The occasion was the 6th China-Nordic Arctic Cooperation Symposium, which this year for the first time took place in Tromsø, Norway. The symposium was hosted by Fridtjof Nansen Institute, together with the Norwegian Polar Institute and UiT the Arctic University of Norway.

Increase knowledge

Since its establishment in 2013, the China-Nordic Arctic Research Center (CNARC) has provided a platform for academic cooperation between Chinese and Nordic research institutions. Its main goal is to increase awareness and knowledge of the Arctic – a region which has become of rising interest to China over the past decade.

Partners in the Arctic

Although not an Arctic state, China is affected by the ongoing changes in the High North. A warming climate in the Arctic is assumed to cause colder winters in parts of China, and thus problems linked to infrastructure and crops. At the same time, less ice in the Arctic creates opportunities, including development of new shipping routes.Photo: FNI

‘The Arctic has become a Chinese priority area and investments are increasing, also within research. FNI has in recent years established close ties with a number of Chinese Arctic research institutions. Academically speaking, our relationship is pragmatic and mutually beneficial, providing a solid foundation for future cooperation,’ says FNI Director and keynote speaker Geir Hønneland.

Integrated ocean management

The symposium’s overarching theme was integrated ocean management in the Arctic, including topics such as fisheries management, marine pollution, climate change and sustainability. Several FNI scholars were in Tromsø to discuss and present their latest research within these fields. Whereas FNI’s Anne-Kristin Jørgensen spoke about Norwegian–Russian fisheries management in the Barents Sea, FNI’s Iselin Stensdal gave a talk on China’s Arctic policy, released in January 2018, and possible implications for High North business development.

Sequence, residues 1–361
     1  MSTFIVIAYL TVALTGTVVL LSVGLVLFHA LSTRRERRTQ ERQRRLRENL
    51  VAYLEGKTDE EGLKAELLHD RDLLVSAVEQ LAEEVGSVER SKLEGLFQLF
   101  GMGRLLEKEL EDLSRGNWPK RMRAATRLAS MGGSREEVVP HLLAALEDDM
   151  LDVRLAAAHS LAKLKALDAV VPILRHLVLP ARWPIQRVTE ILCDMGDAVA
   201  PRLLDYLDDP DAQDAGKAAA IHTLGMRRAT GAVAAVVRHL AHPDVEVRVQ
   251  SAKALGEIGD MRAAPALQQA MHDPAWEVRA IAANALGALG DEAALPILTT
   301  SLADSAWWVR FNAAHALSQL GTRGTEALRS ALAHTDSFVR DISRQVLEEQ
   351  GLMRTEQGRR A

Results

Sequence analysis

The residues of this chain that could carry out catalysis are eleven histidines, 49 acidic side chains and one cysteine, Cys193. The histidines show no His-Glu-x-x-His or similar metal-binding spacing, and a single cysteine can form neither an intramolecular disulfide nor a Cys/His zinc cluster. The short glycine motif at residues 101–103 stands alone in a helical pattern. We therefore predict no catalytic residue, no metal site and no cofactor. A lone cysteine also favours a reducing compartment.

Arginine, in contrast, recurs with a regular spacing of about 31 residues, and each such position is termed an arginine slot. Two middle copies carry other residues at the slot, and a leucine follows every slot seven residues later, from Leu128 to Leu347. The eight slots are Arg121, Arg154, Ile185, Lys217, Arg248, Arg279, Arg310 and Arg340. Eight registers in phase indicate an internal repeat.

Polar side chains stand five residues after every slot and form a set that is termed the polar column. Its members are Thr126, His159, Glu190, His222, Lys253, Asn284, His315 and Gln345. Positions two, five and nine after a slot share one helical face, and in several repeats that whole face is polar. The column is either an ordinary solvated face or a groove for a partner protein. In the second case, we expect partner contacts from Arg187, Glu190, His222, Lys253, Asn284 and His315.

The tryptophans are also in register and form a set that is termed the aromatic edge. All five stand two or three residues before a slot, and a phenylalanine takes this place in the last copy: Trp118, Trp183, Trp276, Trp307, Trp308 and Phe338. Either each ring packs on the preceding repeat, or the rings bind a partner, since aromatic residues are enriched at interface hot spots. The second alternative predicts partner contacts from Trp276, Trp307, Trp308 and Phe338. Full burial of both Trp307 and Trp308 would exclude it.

FNI researcher Arild Moe, together with Huigen Yang at the Polar Research Institute of China, moderated the roundtable discussion ‘Arctic fisheries – from the ocean to the market’, attended by Hønneland and FNI researchers Gørild Heggelund and Jørgensen.

Cooperation with China

Cooperation with Chinese researchers on Arctic issues, as well as on Chinese environmental, energy and climate politics, has been a long-standing priority at the FNI. Several FNI researchers were part of the Norwegian Minister of Research and Higher Education’s delegation to China in April this year.

Recently, China’s ambassador to Norway, Wang Min, visited FNI to gain insight into the institute’s core fields of research, and discuss opportunities for future cooperation.

Photo: FNI